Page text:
The WHO’s emergency use assessment (EUA) for the ThermoFisher TaqPath kit [3], used by the Glasgow and Milton Keynes lighthouse laboratories, includes the instruction manual and contained therein is an interpretation algorithm describing an unequivocal requirement that two-or-more genes be detected before a positive result can be declared. The WHO have been so concerned about correct use of RT-PCR kit that on 20 January 2021 they issued a notice for PCR users imploring them to review manufacturer IFUs carefully and adhere to them fully [4].

Increasing proportion of single gene “calls”

The ONS’s report [1] lists SARS-COV-2 positive results for valid two and three gene combinations[4] from the Glasgow and Milton Keynes lighthouse laboratories. However, it also lists inconclusive single gene detections as positive results[5]. This use of single gene “calls” therefore suggests that Glasgow and Milton Keynes lighthouse laboratories may have breached WHO emergency use assessment (EUA) and may have violated the manufacturer instructions for use (IFU). Indeed, Section 10 of this ONS Covid-19 Infection survey on the 8 January 2020 [16] stated that (emphasis mine):

“Swabs are tested for three genes present in the coronavirus: N protein, S protein and ORF1ab. Each swab can have any one, any two or all three genes detected. Positives are those where one or more of these genes is detected in the swab …..”

Over the period reported the maximum percentage of positives on a single gene is 35% for the whole of the UK for the week of 25 January. The overall UK average is 21%. The maximum percentage reported is 65%, in East England in the week beginning 5 October. In Wales it is 48%, in Northern Ireland it is 47% and in Scotland it is 49%. The full data including averages and maxima/minima are given in Table 1.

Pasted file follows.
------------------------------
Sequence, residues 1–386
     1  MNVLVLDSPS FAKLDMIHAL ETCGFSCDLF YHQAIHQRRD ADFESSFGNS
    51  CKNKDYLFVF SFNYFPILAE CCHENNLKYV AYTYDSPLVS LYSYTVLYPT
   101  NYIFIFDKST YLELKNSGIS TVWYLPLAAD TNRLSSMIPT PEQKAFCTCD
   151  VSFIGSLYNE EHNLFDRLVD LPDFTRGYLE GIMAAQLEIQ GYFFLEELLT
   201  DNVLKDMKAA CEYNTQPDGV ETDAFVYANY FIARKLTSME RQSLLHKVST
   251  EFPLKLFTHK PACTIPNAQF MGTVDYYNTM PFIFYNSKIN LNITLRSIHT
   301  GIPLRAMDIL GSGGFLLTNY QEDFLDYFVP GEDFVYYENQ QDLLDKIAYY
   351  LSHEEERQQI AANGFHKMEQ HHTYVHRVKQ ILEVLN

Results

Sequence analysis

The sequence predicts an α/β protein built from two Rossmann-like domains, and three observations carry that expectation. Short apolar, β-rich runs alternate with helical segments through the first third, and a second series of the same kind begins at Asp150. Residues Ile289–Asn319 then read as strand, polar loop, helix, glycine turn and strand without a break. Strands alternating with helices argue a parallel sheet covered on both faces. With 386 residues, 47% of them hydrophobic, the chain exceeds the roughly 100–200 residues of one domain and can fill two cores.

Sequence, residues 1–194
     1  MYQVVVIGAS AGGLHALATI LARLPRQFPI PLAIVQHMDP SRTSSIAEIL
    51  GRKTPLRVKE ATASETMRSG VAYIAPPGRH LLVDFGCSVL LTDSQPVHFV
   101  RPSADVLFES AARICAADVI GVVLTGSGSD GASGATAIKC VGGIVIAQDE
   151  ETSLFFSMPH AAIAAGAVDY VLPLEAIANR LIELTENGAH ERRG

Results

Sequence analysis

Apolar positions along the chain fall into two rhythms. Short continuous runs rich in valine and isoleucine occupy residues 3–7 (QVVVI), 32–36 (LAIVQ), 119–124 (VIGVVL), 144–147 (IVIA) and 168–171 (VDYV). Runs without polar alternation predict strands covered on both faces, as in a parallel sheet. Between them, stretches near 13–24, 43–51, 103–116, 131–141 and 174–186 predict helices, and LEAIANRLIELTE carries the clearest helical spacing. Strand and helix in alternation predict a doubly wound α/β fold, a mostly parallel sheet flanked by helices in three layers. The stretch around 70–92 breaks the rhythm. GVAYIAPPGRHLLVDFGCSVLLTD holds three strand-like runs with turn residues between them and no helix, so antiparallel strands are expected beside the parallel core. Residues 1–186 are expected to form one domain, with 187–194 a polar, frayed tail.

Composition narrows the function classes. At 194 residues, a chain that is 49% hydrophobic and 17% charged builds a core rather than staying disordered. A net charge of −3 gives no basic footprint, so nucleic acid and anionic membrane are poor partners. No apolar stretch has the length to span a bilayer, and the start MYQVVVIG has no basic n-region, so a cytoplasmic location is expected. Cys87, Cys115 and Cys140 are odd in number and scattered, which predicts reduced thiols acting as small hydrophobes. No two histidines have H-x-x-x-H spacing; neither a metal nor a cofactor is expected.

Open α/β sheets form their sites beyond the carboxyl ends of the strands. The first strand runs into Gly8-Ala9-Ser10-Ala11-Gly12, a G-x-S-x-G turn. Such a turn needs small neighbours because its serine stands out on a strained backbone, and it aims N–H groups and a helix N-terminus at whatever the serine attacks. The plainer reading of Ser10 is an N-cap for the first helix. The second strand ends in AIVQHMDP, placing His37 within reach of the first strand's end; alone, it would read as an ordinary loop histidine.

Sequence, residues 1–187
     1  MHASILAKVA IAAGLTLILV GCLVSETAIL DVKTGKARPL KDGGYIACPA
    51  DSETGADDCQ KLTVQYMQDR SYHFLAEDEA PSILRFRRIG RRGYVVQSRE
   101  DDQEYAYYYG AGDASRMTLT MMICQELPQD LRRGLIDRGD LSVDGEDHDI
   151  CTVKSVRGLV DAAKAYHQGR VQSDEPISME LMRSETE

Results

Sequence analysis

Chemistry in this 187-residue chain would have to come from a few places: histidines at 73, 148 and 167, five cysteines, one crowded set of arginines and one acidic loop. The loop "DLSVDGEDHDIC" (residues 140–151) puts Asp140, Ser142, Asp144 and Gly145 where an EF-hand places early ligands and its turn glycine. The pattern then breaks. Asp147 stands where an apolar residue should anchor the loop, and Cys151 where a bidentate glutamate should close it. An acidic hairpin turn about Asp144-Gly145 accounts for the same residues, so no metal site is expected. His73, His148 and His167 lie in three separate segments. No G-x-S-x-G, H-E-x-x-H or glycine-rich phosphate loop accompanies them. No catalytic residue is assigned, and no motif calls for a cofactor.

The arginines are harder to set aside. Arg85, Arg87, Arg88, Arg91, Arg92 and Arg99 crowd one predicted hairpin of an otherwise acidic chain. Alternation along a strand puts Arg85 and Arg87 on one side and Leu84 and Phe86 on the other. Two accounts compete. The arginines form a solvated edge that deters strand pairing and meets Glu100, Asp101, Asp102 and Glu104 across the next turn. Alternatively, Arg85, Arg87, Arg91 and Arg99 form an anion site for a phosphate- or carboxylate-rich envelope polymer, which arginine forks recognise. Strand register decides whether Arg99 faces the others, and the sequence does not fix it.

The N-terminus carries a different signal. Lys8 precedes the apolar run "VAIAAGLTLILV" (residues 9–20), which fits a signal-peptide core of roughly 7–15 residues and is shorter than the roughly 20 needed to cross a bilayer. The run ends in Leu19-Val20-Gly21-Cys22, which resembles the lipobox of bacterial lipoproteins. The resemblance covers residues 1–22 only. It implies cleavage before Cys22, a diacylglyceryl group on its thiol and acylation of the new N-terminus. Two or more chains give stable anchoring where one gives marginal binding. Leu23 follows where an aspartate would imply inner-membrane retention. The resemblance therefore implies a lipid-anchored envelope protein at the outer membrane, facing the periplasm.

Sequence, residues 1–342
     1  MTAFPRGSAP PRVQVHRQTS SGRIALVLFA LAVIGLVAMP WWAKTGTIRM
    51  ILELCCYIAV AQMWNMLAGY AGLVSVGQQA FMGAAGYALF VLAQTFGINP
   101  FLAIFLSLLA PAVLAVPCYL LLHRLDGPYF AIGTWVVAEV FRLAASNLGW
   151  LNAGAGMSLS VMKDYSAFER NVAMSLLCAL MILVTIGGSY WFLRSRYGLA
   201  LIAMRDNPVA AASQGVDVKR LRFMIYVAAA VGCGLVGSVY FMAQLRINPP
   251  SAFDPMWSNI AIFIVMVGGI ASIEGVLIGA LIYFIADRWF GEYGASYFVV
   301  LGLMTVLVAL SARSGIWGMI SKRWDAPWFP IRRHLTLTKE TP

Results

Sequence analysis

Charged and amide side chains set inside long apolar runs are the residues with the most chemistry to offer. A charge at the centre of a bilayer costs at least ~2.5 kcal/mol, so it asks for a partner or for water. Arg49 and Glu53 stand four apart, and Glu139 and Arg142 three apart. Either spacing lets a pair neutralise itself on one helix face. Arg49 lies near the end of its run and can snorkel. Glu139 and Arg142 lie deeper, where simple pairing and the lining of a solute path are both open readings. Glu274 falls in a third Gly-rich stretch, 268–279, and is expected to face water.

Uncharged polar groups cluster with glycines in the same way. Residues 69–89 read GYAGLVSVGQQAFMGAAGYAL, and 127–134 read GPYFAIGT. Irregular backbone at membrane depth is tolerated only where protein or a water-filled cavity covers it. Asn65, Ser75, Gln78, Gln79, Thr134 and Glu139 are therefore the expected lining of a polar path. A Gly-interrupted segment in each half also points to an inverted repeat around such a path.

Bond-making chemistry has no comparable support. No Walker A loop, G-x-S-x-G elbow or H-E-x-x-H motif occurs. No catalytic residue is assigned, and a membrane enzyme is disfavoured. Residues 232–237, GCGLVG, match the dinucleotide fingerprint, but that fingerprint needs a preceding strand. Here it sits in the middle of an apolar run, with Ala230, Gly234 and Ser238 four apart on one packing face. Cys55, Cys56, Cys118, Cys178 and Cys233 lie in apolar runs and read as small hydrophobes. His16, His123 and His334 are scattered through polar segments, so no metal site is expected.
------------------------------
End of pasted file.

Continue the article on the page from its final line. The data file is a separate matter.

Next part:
Figures 1 and 2 show the percentage of weekly single gene positives across the UK nations and English regions. There was a significant peak across the whole of the UK (except NI) from mid-November to early December, coincident with the reported significant increase in transmission of the new variant B1.1.7 [5]. However, given this new variant was concentrated in Kent and NE London, with limited spread into the rest of London, Anglia and Essex its presence cannot explain why single gene calls increased in other regions such as the North East and Yorks. & Humber. There has been another significant increase in the percentage of single gene positives since the end of 2020, rising throughout January, and here the rise is steady across all English regions and UK nations.

In startling contradiction to the ONS reports Professor Alan McNally, Director of the University of Birmingham Turnkey laboratory, who helped set up the Milton Keynes lighthouse laboratory, reported in the Guardian newspaper, in an article about the new variant, that all lighthouse laboratories operated a policy that adhered to the manufacturer instructions for use: requiring two-or-more genes for positive detection [6] (this policy is also documented in the supplementary material provided in [7]).



Table 1: Percentage of weekly single gene positives from 21 September 2020 to 25 January 2021, including averages and maxima/minima


 

Figure 1: Percentage of weekly single gene positives from 21 September 2020 to 25 January 2021 (UK nations)


Figure 2: Percentage of weekly single gene positives from 21 September 2020 to 25 January 2021 (English regions)

In April 2020, the UK lighthouse laboratories were testing for single genes and discounted the S gene as early as mid-May, months before the discovery of the new variant B1.1.7 (emphasis mine):

“Swabs were analysed at the UK’s national Lighthouse Laboratories at Milton Keynes (National Biocentre) (from 26 April) and Glasgow (from 16 August) …., with swabs from specific regions sent consistently to one laboratory. RT-PCR for three SARS-CoV-2 genes (N protein, S protein and ORF1ab) ….. Samples are called positive in the presence of at least single N gene and/or ORF1ab but may be accompanied with S gene (1, 2 or 3 gene positives). S gene is not considered a reliable single gene positive (as of mid-May 2020).”